BT demos 5G connected ambulance to reduce A&E waiting times

Trained doctors can guide paramedics through procedures and beam instructions through to AR headsets

BT Enterprise has demonstrated how 5G can be used to deliver on-the-ground healthcare services and advice to paramedics from afar via 5G.

The demonstration took place at University Hospital Birmingham and involved an acting emergency department consultant advising a paramedic who was situated just under two miles away in a 5G connected ambulance.

Two scenarios were presented to a small group of journalists, both of which showcased the technology that healthcare providers can use to increase the level of care they can deliver and reduce unnecessary queues in hospital emergency departments.

Using low latency connectivity, live imagery could be sent back to the hospital so trained doctors could advise the first responders on the necessary next steps. Using virtual and augmented reality (VR/AR), clinicians could also see what the paramedic saw and send visual instructions to the paramedic's AR headset in real-time.

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"Not only is 5G capable of ultrafast speeds it has much lower latency meaning there is little to no delay when transmitting data over the network," said Fotis Karonis, CTIO and 5G executive lead at BT Enterprise.

"This means things happen in 'real time' so this is of significant interest to the NHS because of its potential for medical applications, such as diagnostics and preventative healthcare. This capability provides efficiency opportunities for both hospital and ambulance trusts by reducing the number of referrals into hospital and patient trips."

In one scenario, which was described as a common occurrence, a fictitious patient required an ultrasound after reporting severe abdominal pain to Callum, the Edgbaston-based paramedic.

In this scenario, a trained clinician would be needed to assess the results of the ultrasound and determine whether the patient needed to go to an A&E department.

Using a joystick, the clinician was able to guide the paramedic's hand through a 5G connected haptic glove. The paramedic would feel vibrations in the glove dictated by the movement of the joystick which would give the clinician the view he needed to make an accurate assessment from the image he viewed in the hospital.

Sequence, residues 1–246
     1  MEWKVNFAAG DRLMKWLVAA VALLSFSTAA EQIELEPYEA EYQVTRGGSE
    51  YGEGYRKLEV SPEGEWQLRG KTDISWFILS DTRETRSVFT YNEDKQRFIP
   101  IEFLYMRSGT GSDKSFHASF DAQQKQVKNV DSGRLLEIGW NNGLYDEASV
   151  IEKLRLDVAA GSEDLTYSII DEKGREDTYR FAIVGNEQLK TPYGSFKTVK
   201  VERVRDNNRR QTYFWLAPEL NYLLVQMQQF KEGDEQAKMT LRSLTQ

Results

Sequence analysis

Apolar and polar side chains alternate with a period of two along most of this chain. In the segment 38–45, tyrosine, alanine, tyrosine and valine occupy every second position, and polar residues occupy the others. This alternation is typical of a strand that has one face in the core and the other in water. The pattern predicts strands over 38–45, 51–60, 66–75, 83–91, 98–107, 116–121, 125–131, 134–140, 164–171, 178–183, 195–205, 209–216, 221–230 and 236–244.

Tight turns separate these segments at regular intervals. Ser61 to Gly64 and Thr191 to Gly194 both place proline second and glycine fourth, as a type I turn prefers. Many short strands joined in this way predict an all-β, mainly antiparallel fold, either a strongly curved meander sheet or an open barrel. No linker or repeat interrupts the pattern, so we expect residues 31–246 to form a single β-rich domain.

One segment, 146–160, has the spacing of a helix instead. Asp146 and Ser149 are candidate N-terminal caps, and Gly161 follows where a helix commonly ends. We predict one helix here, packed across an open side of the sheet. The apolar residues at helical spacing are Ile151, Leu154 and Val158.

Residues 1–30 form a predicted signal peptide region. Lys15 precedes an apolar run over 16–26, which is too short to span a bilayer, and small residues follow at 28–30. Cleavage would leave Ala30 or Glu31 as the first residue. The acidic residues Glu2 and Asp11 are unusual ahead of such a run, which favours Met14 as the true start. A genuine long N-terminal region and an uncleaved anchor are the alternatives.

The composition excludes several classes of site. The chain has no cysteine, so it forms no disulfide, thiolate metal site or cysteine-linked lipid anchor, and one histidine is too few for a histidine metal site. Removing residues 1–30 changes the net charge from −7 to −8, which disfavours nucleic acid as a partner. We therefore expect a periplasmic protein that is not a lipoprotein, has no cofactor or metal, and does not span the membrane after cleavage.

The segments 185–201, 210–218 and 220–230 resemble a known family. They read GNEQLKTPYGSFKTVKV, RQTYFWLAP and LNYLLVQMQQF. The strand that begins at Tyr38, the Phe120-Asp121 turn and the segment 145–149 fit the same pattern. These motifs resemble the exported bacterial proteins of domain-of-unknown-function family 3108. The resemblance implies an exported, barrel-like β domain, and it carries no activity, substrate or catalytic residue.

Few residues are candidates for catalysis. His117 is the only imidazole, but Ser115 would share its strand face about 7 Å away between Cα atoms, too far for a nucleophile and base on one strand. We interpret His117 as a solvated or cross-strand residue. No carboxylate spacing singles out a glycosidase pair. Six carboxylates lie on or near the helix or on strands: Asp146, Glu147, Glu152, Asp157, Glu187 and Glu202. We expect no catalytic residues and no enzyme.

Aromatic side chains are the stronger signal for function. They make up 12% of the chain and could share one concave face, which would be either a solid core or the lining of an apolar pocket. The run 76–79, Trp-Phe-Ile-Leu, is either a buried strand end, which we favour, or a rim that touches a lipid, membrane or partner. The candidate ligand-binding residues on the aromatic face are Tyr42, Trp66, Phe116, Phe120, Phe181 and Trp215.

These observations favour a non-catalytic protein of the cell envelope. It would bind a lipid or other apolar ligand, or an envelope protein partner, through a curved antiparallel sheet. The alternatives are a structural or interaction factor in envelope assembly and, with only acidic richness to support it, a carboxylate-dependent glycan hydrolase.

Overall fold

The clinician was able to identify a collection of fluid which was thought to be blood and made the decision to send the patient to a hospital.

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In a similar real-life scenario that didn't actually require a hospital visit, a paramedic alone may not have been able to make the call, so would send the patient to a hospital to be on the safe side. Situations like these are considered to be a serious factor in the delay of service to visitors in A&E departments across the UK.

Calum Stone, the paramedic involved in the demonstration said on a typical shift, during which he would typically attend 10-12 incidents, he said he would seriously benefit from the input a more trained professional could provide on around 1-2 occasions for normal incidents.

The figure may seem small but when the number of paramedics working across the UK at any one time is taken into consideration, then the number of incidents that require more experience starts to rise to a more significant number. But for Stone, the consistent stream of data is the key benefit of the technology.

"That ability to transmit the data and show the patient's condition whilst en route, showing how they deteriorate and how they're improving [is key]," said Stone.

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He said that traditionally, if a patient entered cardiac arrest while travelling to a hospital, the first time the doctors would know is when the paramedics walked through the door. Being able to transmit data like this while in transit will improve the quality of care that can be given at hospitals.

'Money is not the issue'

While the technology is certainly innovative, both BT and the medical professionals in attendance agreed that nationwide implementation is still years away.

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The main blockade in 5G-enabled two-way connectivity between paramedic and clinician will not be due to a shortage of funds as the cost of VR headsets, for example, is minuscule compared to the price of traditional medical equipment.

"In terms of the cost of sort of healthcare technology, this [emerging technology] is right down the bottom," said Dr Tom Clutton-Brock, clinical director of the NIHR Trauma Management MedTech Co-operative. So the plastic dolly [in the demonstration ambulance] is over £100,000. The ventilator in here, it's about £50,000. So the cost of the headset per se, I think is almost irrelevant."

The pertinent issue with this type of technology is actually getting people to embrace it and allow it to be used widely without fear, according to Clutton-Brock. A necessary cultural shift will involve patients becoming accustomed to healthcare providers wearing strange-looking goggles and speaking to other people who are guiding their movements.

"I think people are beginning to accept that we need to move forward and healthcare," he said. "I do think if you explain to people why you want to do and explain the benefits of doing that, I think they would understand."

Aside from on-the-ground treatments, the technology could be used to train inexperienced paramedics or for walk-in centres. In the latter case, images can be sent to doctors at a nearby hospital who can then decide whether the patient needs to go for further examination or not.

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